Trump completes pre-sentencing interview after less than 30 minutes of questioning

Former President Donald Trump completed his mandatory pre-sentencing interview Monday after less than 30 minutes of routine, uneventful questions and answers, a person familiar with the matter told The Associated Press. The person was not authorized to speak publicly and did so on condition of anonymity.

After declining to testify at the trial, Trump was required to participate in the meeting before his July sentencing in his criminal hush money case.

The pre-sentencing interview was done by video from his residence at the Mar-a-Lago club in Palm Beach, Florida, with his lawyer Todd Blanche by his side.

According to AP, Trump was quizzed by a New York City probation officer for a report that trial judge Juan M. Merchan can use to help determine Trump's punishment when he is sentenced next month.

Under state law, the resulting report — which may also include information about Trump's conviction, his social, family and employment history, and his education and economic status — will remain confidential unless the judge authorizes its public release.

Trump found guilty of falsifying business records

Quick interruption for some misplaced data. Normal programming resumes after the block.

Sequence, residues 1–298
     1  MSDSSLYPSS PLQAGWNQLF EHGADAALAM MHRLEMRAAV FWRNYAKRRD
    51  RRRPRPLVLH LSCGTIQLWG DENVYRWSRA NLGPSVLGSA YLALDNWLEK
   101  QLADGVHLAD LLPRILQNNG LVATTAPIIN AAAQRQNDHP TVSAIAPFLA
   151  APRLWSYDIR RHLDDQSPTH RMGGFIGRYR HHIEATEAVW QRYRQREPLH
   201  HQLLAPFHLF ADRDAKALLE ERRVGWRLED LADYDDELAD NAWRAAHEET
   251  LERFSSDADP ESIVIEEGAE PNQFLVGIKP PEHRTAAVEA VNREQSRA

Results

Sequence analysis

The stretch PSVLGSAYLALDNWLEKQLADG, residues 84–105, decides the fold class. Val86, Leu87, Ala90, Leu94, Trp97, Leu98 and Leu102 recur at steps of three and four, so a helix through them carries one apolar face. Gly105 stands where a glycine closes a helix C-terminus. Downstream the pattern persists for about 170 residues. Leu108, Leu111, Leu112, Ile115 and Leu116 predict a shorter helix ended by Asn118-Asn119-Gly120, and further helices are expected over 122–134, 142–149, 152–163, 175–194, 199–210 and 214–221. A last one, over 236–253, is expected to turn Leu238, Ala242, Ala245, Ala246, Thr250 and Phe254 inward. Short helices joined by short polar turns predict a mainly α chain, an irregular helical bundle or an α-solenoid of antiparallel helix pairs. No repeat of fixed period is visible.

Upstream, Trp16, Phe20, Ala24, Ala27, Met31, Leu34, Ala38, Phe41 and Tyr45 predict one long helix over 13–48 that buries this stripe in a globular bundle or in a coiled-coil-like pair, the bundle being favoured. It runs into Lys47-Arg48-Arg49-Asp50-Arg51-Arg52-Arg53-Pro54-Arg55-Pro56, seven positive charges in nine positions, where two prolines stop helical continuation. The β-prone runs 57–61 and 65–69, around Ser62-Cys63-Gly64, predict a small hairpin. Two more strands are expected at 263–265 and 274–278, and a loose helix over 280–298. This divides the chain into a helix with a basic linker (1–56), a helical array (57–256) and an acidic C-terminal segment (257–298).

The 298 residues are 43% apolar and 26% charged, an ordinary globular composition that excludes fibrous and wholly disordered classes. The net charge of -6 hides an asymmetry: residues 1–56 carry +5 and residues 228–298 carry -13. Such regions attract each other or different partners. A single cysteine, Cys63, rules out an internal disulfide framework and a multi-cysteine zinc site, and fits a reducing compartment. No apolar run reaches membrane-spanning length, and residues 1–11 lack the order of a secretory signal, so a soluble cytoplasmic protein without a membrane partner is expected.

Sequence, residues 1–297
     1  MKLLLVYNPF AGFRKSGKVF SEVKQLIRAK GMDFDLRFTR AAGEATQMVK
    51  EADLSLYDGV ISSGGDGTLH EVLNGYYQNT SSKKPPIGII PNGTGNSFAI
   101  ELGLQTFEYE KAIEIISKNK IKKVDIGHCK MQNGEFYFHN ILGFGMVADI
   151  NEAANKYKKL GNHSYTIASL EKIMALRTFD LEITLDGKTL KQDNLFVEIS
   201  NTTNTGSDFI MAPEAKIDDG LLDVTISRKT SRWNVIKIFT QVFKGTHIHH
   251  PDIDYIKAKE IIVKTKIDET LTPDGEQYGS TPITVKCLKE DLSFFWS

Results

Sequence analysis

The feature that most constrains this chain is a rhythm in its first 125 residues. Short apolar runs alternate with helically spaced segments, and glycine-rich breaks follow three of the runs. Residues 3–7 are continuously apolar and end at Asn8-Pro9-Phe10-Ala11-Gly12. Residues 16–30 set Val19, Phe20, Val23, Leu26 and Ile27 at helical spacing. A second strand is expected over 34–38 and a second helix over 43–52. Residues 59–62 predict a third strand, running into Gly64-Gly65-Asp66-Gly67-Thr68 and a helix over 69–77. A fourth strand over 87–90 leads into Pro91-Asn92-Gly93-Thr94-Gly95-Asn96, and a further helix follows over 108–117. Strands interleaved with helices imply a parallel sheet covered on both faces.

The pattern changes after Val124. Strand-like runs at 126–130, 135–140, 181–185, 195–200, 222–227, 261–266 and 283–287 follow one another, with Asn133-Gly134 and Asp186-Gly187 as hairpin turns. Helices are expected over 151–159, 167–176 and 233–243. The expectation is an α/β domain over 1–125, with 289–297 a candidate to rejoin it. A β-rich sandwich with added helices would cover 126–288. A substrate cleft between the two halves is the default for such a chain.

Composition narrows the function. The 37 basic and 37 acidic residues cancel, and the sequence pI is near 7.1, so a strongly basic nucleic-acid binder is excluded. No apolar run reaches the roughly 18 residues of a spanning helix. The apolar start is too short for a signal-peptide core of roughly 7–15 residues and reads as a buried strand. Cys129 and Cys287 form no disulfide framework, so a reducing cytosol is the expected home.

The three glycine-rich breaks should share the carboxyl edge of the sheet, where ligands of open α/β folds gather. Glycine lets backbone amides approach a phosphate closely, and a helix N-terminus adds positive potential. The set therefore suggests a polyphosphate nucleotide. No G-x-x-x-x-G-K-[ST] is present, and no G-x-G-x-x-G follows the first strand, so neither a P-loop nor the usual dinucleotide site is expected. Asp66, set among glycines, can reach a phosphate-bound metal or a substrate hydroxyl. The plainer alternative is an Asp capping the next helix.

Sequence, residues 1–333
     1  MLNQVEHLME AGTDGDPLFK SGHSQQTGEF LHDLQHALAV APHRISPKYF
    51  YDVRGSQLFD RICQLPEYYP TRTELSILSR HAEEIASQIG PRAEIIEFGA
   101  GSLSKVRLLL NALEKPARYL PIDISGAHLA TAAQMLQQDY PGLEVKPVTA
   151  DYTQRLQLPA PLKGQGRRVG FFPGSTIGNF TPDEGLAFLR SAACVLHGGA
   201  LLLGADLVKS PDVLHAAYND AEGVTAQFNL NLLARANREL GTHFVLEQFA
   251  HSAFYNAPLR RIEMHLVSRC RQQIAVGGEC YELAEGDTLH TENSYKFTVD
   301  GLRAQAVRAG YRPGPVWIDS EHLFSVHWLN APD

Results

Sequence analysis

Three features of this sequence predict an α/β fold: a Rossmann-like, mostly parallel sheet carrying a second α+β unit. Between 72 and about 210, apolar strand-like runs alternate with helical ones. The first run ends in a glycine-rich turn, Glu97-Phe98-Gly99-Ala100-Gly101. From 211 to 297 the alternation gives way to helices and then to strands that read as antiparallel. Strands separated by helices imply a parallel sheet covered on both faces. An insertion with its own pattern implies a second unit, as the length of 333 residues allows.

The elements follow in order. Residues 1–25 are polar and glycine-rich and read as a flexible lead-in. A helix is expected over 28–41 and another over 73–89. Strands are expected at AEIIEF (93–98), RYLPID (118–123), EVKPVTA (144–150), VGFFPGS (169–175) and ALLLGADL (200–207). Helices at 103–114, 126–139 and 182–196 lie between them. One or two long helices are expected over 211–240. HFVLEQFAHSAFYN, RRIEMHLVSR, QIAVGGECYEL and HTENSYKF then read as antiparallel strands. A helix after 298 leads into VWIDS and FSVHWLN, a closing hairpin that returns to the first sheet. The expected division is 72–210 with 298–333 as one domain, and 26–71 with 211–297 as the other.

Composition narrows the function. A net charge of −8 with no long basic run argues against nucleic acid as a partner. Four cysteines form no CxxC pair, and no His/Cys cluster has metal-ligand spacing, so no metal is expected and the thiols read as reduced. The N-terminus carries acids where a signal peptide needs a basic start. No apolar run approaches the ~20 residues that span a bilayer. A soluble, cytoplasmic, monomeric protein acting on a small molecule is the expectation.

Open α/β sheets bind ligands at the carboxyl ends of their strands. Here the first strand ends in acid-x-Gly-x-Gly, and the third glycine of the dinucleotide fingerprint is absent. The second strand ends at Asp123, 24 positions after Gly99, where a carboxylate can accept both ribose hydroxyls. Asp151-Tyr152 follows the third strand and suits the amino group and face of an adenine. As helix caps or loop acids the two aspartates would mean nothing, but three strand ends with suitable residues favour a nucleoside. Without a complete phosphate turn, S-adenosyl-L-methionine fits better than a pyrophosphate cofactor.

Last month, a New York jury found Trump guilty of falsifying business records in an attempt to bury stories about extramarital affairs that arose during his 2016 presidential campaign. 


FILE: Former U.S. President Donald Trump sits in the courtroom with his attorneys Joe Tacopina and Boris Epshteyn (R) during his arraignment at the Manhattan Criminal Court April 4, 2023 in New York City. (Creedit: Andrew Kelly-Pool/Getty Images)

Merchan, who oversaw the case, has set Trump's sentencing for July 11, just days before the Republican National Convention in Milwaukee.

What is a pre-sentencing interview?

The usual purpose of a pre-sentencing probation interview is to prepare a report that will tell the judge more about the defendant, and potentially help determine the proper punishment for the crime.

Such reports are typically prepared by a probation officer, a social worker or a psychologist working for the probation department who interviews the defendant and possibly that person’s family and friends, as well as people affected by the crime.

RELATED: Trump found guilty in hush-money case; sentencing set for July

Pre-sentence reports include a defendant’s personal history, criminal record and recommendations for sentencing. It will also include information about employment and any obligations to help care for a family member. It is also a chance for a defendant to say why they think they deserve a lighter punishment.

This story was reported from Los Angeles. The Associated Press contributed.